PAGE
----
Belgian Pale Ale Recipe



Details
Batch Size: 3 gallon
Est. ABV: 5.1%
Est. IBU: 23
Est. OG: 1.049
Est. FG: 1.013
Est. SRM: 7.5
Grain BillPoundsOuncesSRMPct. Grist
Pale malt48279.90%
Unmalted wheat828.90%
Caramunich 37567.80%
Aromatic3263.40%
Water Profileppm
Bru'n Water Pale Ale Profile
PH: 5.4
Calcium141
Magnesium18
Sodium25
Sulfate301
Chloride57
Bicarbonate73
Water AdditionsMashSparge
Gypsum3.3g4.4g
Epsom Salt1.5g02g
Canning Salt
Baking Soda0.7g
Calcium Chloride0.9g1.3g
Chalk0.3g
Pickling Lime
Lactic Acid0.4ml
Mash ScheduleStep Temp.Step Time
Single Infusion at 154F
Mash volume: 2.11 gal
Sparge volume: 2.86 gal
Infuse 2.11 gal at 168F15475
Sparge 2.86 gal at 190F
Boil ScheduleVolumeUnitTimeIBU
60 minute boil
Belma [12%]0.2ozFWH14.6
Belma [12%]0.13oz608.6
Belma [12%]0.25ozWhirlpool0
Aramis [8%]0.5ozWhirlpool0
Triple Perle [9%]0.5ozWhirlpool0
Jarrylo [16%]2ozWhirlpool0
Fermentation Schedule# DaysTemp.
Yeast: WY1214
Pitch 100ml
Pitch at 65F165F
Ramp over four days to 80F4Ramp
Hold at 80F for three days380F
Rest at ambient 2 weeks14Ambient
Cold Crash132F
Bottle to 2 vol CO2 with 2oz sugar

Brewday & Fermentation Notes

Brewed 9.2.16


Here comes dat grist...
Attempted to gelatinize the unmalted wheat by adding to mash liquor and raising to a boil, then cooling to three degrees below target strike temperature. At fifteen minutes into the mash the temperature read 155F so just a touch above target. Next time likely bring down five degrees.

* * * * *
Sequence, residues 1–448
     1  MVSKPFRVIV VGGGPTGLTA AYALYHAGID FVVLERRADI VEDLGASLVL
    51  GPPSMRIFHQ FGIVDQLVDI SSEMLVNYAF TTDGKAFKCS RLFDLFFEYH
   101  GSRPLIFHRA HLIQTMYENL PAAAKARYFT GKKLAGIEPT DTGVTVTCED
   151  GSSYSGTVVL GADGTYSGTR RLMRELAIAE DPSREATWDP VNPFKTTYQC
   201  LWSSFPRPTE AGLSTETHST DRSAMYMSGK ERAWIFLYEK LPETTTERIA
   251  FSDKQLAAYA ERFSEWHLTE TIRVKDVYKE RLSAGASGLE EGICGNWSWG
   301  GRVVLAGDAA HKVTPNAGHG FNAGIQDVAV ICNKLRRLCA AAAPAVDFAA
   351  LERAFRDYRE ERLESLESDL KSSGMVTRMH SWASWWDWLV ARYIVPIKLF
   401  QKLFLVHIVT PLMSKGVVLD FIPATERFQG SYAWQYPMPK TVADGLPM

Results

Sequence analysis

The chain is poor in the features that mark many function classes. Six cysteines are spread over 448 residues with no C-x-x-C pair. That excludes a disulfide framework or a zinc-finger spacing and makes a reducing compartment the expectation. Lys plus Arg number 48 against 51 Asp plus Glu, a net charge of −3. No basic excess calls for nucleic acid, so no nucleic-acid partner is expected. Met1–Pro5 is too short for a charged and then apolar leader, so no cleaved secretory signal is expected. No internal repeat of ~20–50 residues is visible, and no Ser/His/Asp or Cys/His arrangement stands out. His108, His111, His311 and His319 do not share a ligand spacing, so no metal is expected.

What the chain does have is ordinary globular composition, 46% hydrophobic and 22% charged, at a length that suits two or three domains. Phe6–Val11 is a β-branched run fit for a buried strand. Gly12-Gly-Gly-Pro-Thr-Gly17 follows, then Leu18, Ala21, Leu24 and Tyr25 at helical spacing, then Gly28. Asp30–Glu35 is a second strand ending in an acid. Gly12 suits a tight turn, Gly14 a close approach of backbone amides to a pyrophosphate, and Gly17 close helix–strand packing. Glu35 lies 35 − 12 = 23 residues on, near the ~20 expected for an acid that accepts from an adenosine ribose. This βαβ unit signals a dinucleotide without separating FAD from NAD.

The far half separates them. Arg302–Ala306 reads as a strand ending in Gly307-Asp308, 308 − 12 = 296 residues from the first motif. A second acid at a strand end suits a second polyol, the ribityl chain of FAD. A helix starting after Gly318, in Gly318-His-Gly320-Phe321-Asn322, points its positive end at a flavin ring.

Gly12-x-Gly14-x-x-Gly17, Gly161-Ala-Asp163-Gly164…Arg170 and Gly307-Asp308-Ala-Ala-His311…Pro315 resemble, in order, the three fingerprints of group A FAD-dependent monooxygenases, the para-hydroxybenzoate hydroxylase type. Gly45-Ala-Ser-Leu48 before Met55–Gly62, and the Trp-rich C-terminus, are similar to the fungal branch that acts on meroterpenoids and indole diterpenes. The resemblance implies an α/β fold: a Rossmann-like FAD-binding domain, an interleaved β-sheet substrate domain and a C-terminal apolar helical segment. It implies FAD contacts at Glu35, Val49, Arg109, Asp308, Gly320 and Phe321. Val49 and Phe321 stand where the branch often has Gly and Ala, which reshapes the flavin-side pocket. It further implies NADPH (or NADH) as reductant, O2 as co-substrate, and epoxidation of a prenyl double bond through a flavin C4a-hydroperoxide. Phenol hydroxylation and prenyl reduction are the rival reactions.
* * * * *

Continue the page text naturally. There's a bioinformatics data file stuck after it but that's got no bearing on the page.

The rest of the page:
First runnings: 1.066
Pre-boil gravity: 1.036
Pre-boil volume: 4.75 gal
Mash efficiency: 85%
Post-boil volume: 3.3 gal
Post-boil gravity: 1.044
Efficiency: 71.5%

Hops...all pellets but the belma in the measuring cup
Initial taste seems a little sweet. Hopefully the yeast will dry this out nicely and some of the bitterness will appear. Hop flavors are soft but nicely complex as I had hoped. There is a strong banana flavor, I assume from the jarrylo. I don't know know that I love it but it seems right among the hop flavors. Sweet orange follows the banana and is followed by melon. Optimistic about this beer.